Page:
Having learned new stuff and with Camp NaNo looming (tomorrow!), am I just going to throw myself into another 120k novel without thinking?  Of course not.  This time, I’ll slow myself down.  I’ll pay attention to the words I’m writing and make sure they help– if they’re fluff, I’ll make sure they’re necessary fluff (perhaps to put a figurative lens filter on a gory scene), but if they’re not, I’ll rewrite and stop the problem before it gets further than that scene.  Of course, I won’t fall into the rewriting cycle of the first chapter, but now I know what I’m looking for in a style, and I can work intentionally rather than wildly.  I can’t negate the need for editing, but I can certainly make the process less painful.


64 thoughts on “An Editing Process

  1. Well, now I don’t feel so bad about the time I cut 85k down to about 46k. Anyway, it sounds like you had a pretty productive month!

    I might have to try to edit that way, with the list idea… I like that. I’ve never had much success with editing before. I’m better with complete rewrites than editing, apparently.

    1. That’s a big edit. Congratulations.

      I’ve tried both– the list is so much easier. You get really motivated when you can just choose one thing at a time and do it, then pull it off the list. And when there’s almost nothing there, it feels really good.

      1. It was crazy. It felt strangely good, though.

        Yeah, that makes sense. I’ll definitely try that. Well, assuming I can get a project into the editing stage sometime in the future…

      2. Okay. *deep breaths* I can finish something. I just need to concentrate on a project to finish, first. …and, I don’t know which one to work on. *laughs* Gosh. Okay. Lemme find a coin.

      3. Actually, it might be kind of hard to find one that would work, considering I need one with four sides……..okay, I’ll go get a die, instead. A four-sided die is much easier to find than a four-sided coin, last I checked….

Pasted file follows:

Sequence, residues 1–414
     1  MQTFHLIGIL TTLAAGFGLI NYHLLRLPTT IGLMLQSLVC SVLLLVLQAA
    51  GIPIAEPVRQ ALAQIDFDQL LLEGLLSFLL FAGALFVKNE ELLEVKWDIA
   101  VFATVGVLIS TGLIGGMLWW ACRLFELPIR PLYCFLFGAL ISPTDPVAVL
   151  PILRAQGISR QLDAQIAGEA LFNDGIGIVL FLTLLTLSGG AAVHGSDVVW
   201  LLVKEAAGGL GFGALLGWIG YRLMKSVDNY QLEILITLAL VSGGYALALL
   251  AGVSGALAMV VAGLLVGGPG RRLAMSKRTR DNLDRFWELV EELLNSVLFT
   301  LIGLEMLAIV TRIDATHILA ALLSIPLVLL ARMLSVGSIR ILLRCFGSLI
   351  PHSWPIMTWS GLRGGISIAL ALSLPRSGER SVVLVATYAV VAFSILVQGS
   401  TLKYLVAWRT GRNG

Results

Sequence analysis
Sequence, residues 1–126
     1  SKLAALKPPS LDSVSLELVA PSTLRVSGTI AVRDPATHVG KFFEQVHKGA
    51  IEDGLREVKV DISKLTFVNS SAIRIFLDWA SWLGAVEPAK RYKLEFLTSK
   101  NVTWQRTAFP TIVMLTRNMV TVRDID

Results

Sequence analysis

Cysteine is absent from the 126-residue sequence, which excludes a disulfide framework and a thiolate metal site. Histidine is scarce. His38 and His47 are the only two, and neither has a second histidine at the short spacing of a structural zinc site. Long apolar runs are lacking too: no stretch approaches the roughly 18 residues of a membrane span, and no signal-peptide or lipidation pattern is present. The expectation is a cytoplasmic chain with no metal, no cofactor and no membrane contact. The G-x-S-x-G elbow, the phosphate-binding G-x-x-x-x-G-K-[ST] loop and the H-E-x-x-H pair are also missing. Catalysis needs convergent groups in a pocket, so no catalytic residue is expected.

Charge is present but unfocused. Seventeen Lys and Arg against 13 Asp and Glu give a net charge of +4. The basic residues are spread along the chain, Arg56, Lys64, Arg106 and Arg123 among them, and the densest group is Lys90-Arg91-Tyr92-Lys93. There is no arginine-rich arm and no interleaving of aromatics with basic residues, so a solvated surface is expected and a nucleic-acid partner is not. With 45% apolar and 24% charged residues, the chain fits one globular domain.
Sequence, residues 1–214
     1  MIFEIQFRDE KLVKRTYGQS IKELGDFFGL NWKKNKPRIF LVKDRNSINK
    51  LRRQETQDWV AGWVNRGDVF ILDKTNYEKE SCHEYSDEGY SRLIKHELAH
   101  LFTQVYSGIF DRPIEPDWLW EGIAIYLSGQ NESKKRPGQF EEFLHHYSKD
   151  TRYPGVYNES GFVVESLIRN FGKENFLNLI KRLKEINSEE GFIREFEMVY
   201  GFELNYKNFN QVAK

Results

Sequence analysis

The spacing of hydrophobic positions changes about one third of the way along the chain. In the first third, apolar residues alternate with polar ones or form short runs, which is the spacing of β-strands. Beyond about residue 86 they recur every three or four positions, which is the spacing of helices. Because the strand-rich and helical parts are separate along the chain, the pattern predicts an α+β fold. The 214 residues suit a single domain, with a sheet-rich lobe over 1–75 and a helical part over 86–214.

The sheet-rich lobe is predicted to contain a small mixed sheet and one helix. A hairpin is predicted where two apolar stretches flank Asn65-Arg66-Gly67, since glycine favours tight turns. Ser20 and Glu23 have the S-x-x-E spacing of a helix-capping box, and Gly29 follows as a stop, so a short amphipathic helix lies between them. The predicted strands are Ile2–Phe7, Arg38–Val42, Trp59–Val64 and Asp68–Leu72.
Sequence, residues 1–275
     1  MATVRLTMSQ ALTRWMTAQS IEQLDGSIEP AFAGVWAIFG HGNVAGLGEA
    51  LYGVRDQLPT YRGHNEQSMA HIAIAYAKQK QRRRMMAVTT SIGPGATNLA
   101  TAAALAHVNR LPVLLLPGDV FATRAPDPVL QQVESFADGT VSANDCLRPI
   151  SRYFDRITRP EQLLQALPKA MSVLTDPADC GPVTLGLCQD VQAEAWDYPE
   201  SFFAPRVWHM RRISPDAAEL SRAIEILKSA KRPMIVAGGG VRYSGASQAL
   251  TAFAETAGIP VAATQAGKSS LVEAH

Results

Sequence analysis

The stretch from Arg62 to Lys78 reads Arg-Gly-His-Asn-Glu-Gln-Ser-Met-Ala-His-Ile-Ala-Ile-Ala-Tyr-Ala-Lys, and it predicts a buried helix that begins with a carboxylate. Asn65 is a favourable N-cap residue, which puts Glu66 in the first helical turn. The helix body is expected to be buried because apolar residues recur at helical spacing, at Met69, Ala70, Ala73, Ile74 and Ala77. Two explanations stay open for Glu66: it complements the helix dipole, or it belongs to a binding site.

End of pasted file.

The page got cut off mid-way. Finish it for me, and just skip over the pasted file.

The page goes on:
4. I actually didn’t need a die or a coin. I cut it down to two projects, and now I am a little stuck. One of them I’m trying to write an outline, and the other I’m supposed to be writing the first draft, but for some reason, I keep getting stuck, and I don’t even know why. So, for both of them, I can’t even do any actual writing and it’s frustrating.

        Gah. Okay, I’ll stop ranting and actually try to figure this out….

      5. Yeah… I found it. Turned out it was a series of very subtle plot holes in my outline that were overlapping in such a way it just confused me. Which, in turn, frustrated me. I mostly fixed it, though, with just a few smaller issues… Now the only thing keeping me from writing is procrastination, but I’ve set myself a goal to write 500 words a day, no matter what.

  2. When I read “Stakes”, I was puzzled why you put “shakes”. I discovered my error after rereading it about four times and thought you meant the things you stuck in the ground. Then I corrected myself again and jumped to the conclusion that you were talking about Streak’s alternative name of “Steak” from the RP Ride of Your Life. Then I realized my confusion. *Headdesk* I think I need a bit more sleep than I’m getting. XD

    Congrats on finishing the edit!
    I have trouble editing novels and short stories. I do fine with essay edits if I make sure to slow down and read carefully. But novels/short stories? Eeeek. *shudders* Who knows though. Maybe when I get back to writing this summer, something will have changed and I’ll find it easier to do without getting OCD and negative.

  3. Aaaaah why is that smiley there? That smiley isn’t supposed to look like that. Go figure.

  4. Selsey: Oh, it’s a grimace? awww…
    Liam: I know what you mean about editing! Love your novel while you write it, hate it while you edit, love it again when you get rave reviews. 😛

    1. It was supposed to be an X D (minus space). I find it kinda cute, now that I look at it again…(;

  5. I don’t know much about querying, never having done it myself, but I have a feeling the job won’t be any harder with a 60 K novel than a 120 K novel (and it may be a lot easier). It’s painful letting so much go, but I’d be very surprised if your novel is worse for it.

    Well, I’ll buy your book if you manage to get it published, especially if you make it available on Kindle. (be it 120 000 words or 60 000 words)

    1. I don’t think it’s any different, really. I did it all by email, so it isn’t like I’m printing out 250 extra pages or something like that.

      Thanks. Good to know.

      1. Oh okay. Well, That certainly isn’t a bd thing for my chances of being published some day, because I always seem to exceed word count limitations. (Word count *goals* can be another matter, as I discovered in Camp Nano a year ago).